13 episodes, 1957, University of Rochester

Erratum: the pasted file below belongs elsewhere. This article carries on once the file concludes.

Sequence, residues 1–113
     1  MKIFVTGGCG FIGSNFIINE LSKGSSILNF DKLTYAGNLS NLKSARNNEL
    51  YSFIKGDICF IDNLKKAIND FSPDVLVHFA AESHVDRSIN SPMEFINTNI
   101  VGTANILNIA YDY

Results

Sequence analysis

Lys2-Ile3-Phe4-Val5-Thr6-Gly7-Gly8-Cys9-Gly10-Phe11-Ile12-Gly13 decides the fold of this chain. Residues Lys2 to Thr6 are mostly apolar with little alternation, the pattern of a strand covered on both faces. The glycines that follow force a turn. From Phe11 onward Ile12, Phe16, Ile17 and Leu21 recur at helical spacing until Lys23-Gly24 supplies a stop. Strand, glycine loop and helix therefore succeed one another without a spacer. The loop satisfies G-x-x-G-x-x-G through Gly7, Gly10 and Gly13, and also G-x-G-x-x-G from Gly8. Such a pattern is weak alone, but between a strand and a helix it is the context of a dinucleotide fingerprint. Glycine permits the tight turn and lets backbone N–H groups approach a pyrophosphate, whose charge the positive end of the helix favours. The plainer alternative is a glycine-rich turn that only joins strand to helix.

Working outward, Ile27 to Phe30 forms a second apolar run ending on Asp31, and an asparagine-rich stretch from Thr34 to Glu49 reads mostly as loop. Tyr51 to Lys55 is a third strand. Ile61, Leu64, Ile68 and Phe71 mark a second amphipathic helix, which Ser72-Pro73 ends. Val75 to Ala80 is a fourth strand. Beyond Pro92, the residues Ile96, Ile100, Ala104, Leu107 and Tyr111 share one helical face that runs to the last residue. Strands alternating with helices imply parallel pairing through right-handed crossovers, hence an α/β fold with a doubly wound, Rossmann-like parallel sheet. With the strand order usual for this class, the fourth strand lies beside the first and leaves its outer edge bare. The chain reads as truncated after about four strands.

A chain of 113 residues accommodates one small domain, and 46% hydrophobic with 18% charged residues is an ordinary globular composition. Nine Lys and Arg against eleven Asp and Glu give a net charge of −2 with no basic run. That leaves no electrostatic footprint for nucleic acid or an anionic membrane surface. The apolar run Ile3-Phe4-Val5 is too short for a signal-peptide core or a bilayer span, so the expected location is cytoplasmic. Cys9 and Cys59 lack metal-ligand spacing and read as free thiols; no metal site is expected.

"'Music as a Language' shows how a composer communicates to his audience through his music. Demonstrating innumerable aspects of composition, orchestration and instrumentation, Dr. Howard Hanson explains how he and other composers use consonant and dissonant rhythms and harmonies. Most of the material used in the series is a result of nearly thirty years of research and performance in the field of music by Dr. Hanson. Many of the illustrative devices used him originated in his own composition classes. One large chart, for example, a product of nearly ten years work, maps the music of the last three hundred years in an astronomy of sound. On the basis of its tonal sonorities and their inter-relationships, Dr. Hanson shows how music, from the time of Palestrina to the present, can be roughly categorized into different periods in our history. He shows, too, how so-called “modern” music was used by Handel and Beethoven, and the relationship that exists among boogie, primitive music and some of the works of Beethoven, Stravinsky and his own compositions. The essence of the series is the authority given to what is said and done by the composer himself. For the first time, an audience will have the opportunity of seeing an artist critically analyze his own works. These include his Fifth Symphony; his opera, “Merry Mount” and other compositions. The series was produced for the Center by the University of Rochester, under the direction of Don W. Lyon, Director of Television for Rochester, who serves as the program’s announcer."